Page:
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Carol's Columns

Finding Meaning In Our Grief

After the death of a child, when we are in the depths of grief, it is hard to believe we will ever be happy again. We are overwhelmed by what used to be the simplest of tasks, yet we still have to function. Life continues on never missing a beat. There is no magic wand and there are no magical words for surviving grief. As we each find our own way, we must be patient and gentle with ourselves.

Grief can focus us inward. It is only when we start to look outside of ourselves that the healing can begin. In trying to accept my daughter Kristen's death, I realized loving always brings the potential for suffering. But what other choice is there? Not to love or to have someone to love is to me a greater suffering. We must not allow the love we have for our deceased child to keep us from the love we have for our spouse, surviving children, and other loved ones. We must instead, allow our love for them to carry us forward. Through them we can begin a new life.

In order to cope with suffering, which is a natural part of life, we each need to search out that which is personally meaningful. This is the greatest challenge after our child has died, but until we do, we will not be free from the pain. What helped me after Kristen's death was connecting with other bereaved parents. I didn't care what their degrees were. I knew that they knew what I was going through and seeing how they rebuilt their lives gave me hope to do the same. This is another reason why The Compassionate Friends, Parents of Murdered Children, Survivors of Suicide, Help After Neonatal Death (HAND), and Sudden Infant Death (SIDS) organizations help on an ongoing basis. We can all learn from and be there for each other as we repair our shattered dreams.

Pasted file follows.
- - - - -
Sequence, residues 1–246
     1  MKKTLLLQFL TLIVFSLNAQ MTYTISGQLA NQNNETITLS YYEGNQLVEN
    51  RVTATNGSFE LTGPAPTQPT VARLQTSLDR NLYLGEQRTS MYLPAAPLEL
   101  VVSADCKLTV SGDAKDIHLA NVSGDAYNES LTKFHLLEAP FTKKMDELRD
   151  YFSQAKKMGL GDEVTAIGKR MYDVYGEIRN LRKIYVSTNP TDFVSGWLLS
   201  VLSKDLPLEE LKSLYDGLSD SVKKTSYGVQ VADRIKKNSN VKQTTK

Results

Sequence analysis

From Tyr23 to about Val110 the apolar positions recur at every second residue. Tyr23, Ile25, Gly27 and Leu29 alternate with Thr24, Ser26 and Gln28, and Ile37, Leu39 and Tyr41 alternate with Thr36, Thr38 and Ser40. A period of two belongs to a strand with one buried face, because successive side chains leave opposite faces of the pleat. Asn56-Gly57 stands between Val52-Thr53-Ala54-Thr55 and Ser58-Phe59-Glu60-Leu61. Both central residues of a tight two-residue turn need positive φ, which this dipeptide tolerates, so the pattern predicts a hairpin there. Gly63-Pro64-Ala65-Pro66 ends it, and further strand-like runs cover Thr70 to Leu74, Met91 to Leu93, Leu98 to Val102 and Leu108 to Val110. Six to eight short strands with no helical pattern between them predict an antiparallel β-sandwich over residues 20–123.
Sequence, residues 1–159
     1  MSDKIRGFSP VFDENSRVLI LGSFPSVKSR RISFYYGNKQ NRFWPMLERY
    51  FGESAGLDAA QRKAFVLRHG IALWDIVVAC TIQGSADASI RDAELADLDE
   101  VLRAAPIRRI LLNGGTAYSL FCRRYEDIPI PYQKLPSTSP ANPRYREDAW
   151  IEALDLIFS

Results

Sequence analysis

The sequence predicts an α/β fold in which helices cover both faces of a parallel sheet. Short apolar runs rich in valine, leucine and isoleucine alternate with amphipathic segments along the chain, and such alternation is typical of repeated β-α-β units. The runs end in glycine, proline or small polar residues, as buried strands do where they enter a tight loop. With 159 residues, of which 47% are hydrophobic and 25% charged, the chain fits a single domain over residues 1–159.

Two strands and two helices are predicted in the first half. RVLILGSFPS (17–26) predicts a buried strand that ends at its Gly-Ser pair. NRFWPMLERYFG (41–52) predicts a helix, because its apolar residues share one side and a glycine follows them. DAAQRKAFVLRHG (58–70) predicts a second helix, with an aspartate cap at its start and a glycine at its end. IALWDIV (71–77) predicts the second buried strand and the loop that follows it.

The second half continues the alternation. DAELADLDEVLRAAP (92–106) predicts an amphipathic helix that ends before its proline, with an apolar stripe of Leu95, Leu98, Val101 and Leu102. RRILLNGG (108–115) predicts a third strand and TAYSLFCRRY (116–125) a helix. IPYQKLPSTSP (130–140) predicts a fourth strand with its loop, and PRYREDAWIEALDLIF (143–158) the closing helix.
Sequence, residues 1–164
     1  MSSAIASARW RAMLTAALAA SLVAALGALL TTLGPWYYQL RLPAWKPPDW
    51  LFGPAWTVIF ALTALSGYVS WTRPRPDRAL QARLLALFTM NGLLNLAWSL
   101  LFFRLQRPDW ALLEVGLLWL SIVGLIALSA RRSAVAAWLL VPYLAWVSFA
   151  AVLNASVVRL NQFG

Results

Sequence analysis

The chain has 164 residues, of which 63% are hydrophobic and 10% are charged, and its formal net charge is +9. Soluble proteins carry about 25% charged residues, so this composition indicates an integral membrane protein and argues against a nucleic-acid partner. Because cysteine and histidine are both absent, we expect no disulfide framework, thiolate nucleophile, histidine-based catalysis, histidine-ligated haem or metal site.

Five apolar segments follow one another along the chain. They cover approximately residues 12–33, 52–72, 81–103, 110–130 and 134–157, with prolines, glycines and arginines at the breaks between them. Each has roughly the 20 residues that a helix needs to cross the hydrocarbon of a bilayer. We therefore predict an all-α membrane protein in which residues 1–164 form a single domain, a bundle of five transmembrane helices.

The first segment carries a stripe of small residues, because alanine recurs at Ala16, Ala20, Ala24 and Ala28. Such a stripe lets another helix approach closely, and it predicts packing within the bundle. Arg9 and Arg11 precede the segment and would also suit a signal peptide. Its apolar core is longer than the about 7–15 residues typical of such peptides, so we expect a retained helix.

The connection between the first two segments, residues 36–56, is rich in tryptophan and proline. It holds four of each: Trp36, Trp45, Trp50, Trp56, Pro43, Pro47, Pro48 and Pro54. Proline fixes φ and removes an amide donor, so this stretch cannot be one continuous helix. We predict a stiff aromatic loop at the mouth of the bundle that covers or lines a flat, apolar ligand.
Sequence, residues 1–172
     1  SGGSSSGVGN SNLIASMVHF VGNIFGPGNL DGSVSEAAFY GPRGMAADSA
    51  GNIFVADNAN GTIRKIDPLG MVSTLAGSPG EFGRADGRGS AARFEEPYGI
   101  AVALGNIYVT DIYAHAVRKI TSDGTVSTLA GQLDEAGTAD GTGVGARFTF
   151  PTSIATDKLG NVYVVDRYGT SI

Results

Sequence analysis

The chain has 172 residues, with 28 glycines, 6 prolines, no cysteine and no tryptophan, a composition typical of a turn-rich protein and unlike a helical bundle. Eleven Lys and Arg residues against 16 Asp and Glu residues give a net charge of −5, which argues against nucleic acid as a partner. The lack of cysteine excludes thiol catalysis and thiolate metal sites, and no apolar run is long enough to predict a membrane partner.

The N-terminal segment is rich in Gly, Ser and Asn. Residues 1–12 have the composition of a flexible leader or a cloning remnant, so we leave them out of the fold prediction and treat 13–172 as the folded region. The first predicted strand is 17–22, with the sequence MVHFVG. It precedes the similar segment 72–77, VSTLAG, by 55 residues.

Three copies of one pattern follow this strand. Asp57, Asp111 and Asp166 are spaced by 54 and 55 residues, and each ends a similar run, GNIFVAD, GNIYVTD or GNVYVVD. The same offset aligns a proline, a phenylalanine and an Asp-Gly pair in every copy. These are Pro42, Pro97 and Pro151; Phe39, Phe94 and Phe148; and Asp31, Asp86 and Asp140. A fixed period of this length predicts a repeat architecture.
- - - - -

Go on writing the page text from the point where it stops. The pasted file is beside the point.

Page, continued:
I have completed my memoir, Sugar Cookies and a Nightmare: How My Daughter's Death Has Taught Me the Meaning of Life. My book launch will be at Book Passage in Corte Madera on October 25th at 7:00. I hope you can all be there because I want to dedicate that evening to our beloved children who died much too soon. May they never be forgotten.